Nectarine, watercress and toasted almond salad with lime dressing

Peaches and watercress Toasting almonds

The Good Life, 328pp.
by Adrian Richardson
Pan Macmillan, Australia, 2011
Cooking on page 32

It’s been almost two years since I typed out this recipe when we visited our dear Emma in Perth, Western Australia. Emma was our second of 27 exchange students. Over the years, those wonderful young people stayed in our home for anywhere up to 12 months.

Emma came to us more than a decade ago and now she’s emigrating to Australia. The country is all the luckier to have her.

Emma owns this cookbook. It’s by Adrian Richardson of the Good Chef, Bad Chef duo on Australian television. Adrian is the baddie—using lavish amounts of butter, bacon and other calorie-laden foods—but this page-32 recipe makes him look like the goodie.

Nectarines have a short season so, when they are available, Adrian likes to uses them in both savoury and sweet dishes. He says this salad goes well with roasted duck or chicken. Sometimes he adds roughly crumbled goat’s cheese.

Nectarine, watercress and almond salad

Nectarine, watercress and toasted almond salad with lime dressing

Ingredients
6 ripe nectarines
1 lime
2 cups watercress sprigs
3 tablespoons flat-leaf parsley
3 tablespoons chives snipped in 4cm lengths
3 tablespoons dill springs
3 tablespoons almonds, toasted and roughly chopped

Salad dressing

Dressing
3 tablespoons extra-virgin olive oil
juice of two limes
1 teaspoon French grain mustard
salt
freshly ground black pepper

Method
To make the dressing, whisk all the ingredients together and set aside until ready to use.

Cut the nectarines in half and remove the stones (there’s no need to peel them). Slice each half into thirds and arrange on a large serving platter.

Peeled lime and zest

Use a small, sharp knife to cut the peel from the lime. Hold the lime in one hand and use the other hand to cut on either side of each segment to remove wedges of flesh, leaving the membranes behind.

Scatter the lime segments over the nectarines, followed by the watercress, herbs and almonds. Drizzle on the dressing and serve straight away.

How it played out
With a short season for nectarines and the fact that watercress is rather hard to come by in Canberra, it’s no wonder it’s taken me two years to bring together this recipe.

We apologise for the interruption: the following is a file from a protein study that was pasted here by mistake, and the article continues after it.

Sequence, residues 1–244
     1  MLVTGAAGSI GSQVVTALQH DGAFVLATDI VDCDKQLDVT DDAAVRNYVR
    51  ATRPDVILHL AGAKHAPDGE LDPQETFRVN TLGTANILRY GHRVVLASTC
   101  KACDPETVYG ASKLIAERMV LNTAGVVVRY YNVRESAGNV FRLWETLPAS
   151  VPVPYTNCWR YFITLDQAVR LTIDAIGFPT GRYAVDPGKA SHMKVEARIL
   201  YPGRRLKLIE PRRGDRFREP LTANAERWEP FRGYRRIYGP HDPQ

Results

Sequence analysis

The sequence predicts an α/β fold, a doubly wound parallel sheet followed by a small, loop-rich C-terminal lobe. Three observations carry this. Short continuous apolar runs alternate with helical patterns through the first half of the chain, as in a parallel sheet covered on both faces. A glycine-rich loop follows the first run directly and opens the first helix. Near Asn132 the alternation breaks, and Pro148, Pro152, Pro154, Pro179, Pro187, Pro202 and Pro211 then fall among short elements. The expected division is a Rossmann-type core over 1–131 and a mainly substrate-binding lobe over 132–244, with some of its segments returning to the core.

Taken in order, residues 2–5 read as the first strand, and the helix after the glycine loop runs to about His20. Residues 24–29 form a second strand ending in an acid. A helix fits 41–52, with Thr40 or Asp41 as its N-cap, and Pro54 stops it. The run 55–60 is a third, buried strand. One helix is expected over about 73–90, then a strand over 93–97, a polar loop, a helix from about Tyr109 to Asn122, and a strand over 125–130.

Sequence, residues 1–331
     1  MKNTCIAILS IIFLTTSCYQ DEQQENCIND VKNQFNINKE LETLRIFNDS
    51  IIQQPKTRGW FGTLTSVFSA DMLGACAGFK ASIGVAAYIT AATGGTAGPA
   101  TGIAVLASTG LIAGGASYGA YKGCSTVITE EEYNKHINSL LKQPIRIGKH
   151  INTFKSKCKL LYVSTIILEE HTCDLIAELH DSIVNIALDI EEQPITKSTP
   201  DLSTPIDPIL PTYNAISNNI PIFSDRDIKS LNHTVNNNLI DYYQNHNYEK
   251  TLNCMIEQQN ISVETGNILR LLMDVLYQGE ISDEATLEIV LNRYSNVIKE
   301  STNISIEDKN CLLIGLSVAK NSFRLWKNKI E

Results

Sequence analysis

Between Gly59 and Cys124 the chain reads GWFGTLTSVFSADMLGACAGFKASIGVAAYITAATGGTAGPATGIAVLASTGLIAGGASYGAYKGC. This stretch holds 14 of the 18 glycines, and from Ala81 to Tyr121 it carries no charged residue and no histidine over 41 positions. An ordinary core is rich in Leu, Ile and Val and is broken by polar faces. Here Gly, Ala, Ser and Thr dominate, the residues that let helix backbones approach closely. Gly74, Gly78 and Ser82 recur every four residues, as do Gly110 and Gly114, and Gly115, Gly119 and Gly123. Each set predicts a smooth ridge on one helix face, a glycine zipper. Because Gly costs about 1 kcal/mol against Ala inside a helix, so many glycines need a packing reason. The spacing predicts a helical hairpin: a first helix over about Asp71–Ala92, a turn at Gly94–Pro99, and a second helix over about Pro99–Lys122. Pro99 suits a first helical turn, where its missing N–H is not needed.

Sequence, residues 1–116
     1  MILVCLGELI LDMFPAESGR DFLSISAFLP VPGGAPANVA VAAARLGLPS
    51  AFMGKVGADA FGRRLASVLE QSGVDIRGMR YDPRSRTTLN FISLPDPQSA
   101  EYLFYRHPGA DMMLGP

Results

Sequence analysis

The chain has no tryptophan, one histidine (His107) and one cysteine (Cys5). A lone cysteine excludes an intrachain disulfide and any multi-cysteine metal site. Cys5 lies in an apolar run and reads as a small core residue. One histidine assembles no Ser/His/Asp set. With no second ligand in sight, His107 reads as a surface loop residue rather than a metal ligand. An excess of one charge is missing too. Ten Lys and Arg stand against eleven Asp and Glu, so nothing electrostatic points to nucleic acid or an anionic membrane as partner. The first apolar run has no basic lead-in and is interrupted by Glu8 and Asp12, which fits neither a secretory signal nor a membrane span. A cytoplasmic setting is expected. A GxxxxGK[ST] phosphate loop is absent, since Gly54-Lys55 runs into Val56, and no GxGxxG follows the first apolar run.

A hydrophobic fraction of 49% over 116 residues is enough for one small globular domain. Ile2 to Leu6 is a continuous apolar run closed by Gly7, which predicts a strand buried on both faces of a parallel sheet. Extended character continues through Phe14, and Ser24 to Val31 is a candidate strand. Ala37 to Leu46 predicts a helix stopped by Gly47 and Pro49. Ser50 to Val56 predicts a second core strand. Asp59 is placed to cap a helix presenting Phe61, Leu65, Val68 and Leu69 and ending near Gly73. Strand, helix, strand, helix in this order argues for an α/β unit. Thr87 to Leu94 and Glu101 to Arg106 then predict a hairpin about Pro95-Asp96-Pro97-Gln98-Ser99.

Sugared peaches

Of course, then I cheated in one aspect. I used fruit from the wild-sown peach tree that grows between our driveway and the neighbour’s. Why the tree is there at all is another story for another time.

It’s still a young tree, so the peaches are on the small side—weighing only 60 grams each—so I used eight. My only other change was to scatter the lime wedges and a few extra peach slices over the top of the finished salad.

As an aside, I googled whether to use watercress stems: the advice was to trim off all the thicker ones.

Limes and mustard

Verdict
Excellent salad. I’ll make it again next year when a new crop of peaches ripen. I’ve already used up the last of this year’s harvest in place of figs in a wonderful cake—another page-32 recipe.

In the land of stone fruit
We travelled through Central Asia about this time last year, where almonds, nectarines and peaches were in abundant supply. But alas there was no watercress.

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About leggypeggy

Intrepid overland traveller, keen photographer, avid cook—known to jump out of airplanes and do other silly things. Do not act my age.
This entry was posted in Fruit, Light meal, Nuts, Salad, Side dish, Vegetarian and tagged , , , , , , , , , , , , . Bookmark the permalink.

5 Responses to Nectarine, watercress and toasted almond salad with lime dressing

  1. Pingback: Not all bridges are pretty, but this one is gorgeous | Where to next?

  2. Mama Cormier says:

    You’re right, this salad is pretty. I’m definitely going to try this one.

  3. When translating water cress to German I stumbled upon a list of the healthiest vegetables/fruits. Apple? Broccoli? Forget it. On the top of the list stands water cress. Although I don´t give much for lists like this one, Adrian Richardson does not quite sound to be the “Bad Chef” to me since he uses water cress. And by the way, what is wrong with lavish amounts of butter? It is simply needed for a good potato puree. Adrian uses bamix as I also do. I just call it Zauberstab. I think I like him. Or am I just a bad Chef as well?

    http://www.cdc.gov/pcd/issues/2014/13_0390.htm

    • leggypeggy says:

      Watercress is a wonderful vegetable. I really should try to grow it in the garden.
      Adrian isn’t always called the bad chef. He makes a lot of healthy recipes, and I am really drawn to the choices he makes—butter is a good thing usually. Maybe that makes all three of us bad chefs. 🙂

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